1) create a new branch based on the current one (to store everything, just in case). git checkout -b new-branch existing-branch
if you want to work on this new branch, stay here.
if you want to work on the old one,
git checkout old-branch-name
git push origin my_new_branch to reflect the changes online (i double check on github.com just to be sure.)
git log to count the number of reverts (or get the id). scroll with arrow bars, press q to quit.
git reset --hard HEAD~x where x is the number of commits to roll back to. THIS DELETES ALL THE COMMITS AFTER THAT so please make sure you have already kept another branch with all your other commits if necessary (step 1). update: it is good practice to reference via the commit id rather than the number of commits, eg
git reset --hard c14809fa just to be sure. i learnt the hard way when i somehow managed to roll back, squash all my commits into ONE commit, then i rolled by again by 10 commits, hence bringing me NINE commits earlier than i wanted to. moral of the story, just use the id instead of hard coding in the counts.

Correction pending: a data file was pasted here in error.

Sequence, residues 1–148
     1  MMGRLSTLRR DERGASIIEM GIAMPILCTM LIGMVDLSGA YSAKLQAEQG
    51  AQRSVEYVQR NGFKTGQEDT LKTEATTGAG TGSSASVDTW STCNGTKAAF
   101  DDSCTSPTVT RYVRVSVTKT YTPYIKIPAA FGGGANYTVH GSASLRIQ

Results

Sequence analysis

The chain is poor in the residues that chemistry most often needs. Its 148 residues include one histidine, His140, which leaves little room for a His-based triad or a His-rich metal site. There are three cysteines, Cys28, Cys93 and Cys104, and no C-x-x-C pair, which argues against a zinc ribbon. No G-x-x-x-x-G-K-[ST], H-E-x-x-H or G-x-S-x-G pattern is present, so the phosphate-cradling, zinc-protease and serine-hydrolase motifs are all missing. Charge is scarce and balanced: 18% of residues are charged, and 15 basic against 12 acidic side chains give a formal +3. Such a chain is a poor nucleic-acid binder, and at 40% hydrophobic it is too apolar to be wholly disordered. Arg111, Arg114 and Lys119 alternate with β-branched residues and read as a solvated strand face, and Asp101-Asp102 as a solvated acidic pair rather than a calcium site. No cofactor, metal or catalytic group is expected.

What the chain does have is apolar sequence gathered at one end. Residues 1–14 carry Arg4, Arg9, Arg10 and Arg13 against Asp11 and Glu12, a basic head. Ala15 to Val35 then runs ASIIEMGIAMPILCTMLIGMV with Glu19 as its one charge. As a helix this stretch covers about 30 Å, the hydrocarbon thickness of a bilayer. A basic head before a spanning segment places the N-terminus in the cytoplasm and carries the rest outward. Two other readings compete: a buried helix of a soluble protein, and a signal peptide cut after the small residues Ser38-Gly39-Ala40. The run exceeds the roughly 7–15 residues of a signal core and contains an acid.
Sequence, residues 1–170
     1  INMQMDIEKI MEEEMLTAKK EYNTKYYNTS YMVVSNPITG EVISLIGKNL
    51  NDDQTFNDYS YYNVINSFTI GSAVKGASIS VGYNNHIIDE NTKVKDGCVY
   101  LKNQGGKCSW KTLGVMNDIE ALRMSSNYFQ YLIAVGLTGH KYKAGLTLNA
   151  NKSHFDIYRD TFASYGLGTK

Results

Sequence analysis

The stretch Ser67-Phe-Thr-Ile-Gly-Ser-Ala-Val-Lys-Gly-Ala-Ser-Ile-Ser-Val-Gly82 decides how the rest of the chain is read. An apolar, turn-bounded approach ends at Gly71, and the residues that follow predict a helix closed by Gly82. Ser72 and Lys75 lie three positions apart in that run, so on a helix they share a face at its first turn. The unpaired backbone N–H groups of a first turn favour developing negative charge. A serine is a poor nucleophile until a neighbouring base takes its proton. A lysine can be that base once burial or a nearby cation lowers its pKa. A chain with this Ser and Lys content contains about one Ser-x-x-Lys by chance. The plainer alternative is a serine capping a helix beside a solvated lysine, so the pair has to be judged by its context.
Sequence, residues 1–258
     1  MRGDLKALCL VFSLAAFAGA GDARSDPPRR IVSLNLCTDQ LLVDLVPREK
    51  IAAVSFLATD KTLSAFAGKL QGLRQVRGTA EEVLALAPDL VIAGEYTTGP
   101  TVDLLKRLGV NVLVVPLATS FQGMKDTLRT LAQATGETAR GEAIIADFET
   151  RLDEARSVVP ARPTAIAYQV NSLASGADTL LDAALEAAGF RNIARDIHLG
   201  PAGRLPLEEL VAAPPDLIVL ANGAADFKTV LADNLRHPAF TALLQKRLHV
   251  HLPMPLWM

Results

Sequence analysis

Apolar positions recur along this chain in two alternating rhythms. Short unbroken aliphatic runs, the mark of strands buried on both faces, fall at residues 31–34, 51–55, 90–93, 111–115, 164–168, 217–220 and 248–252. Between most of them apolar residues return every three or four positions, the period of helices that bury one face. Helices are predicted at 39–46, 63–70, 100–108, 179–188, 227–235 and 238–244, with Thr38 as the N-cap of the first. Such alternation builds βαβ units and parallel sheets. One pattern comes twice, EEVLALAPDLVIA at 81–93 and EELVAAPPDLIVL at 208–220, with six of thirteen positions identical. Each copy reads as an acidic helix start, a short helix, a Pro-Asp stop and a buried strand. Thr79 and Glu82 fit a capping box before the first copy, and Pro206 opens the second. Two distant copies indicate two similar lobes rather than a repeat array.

5) IF you get an error saying you are behind the head by x number of commits and they ask you to git pull, AND you are sure that it is the local copy of your git branch you want to keep, use this:
git pull origin branch-name -s ours where s is for strategy, and the strategy is to use ‘ours’ aka the local copy. otherwise it will bring you up to date with the master again (which i didn’t want).
also apparently there are faster ways to do this but somehow i managed to screw them up lol
much thanks to:
and of course my personal git advisor :p